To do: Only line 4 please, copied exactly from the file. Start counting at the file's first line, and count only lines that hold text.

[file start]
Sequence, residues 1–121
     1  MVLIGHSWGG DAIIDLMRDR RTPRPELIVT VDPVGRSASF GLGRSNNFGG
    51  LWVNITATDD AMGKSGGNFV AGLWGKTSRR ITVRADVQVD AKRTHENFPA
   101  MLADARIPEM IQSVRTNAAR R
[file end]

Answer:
   101  MLADARIPEM IQSVRTNAAR R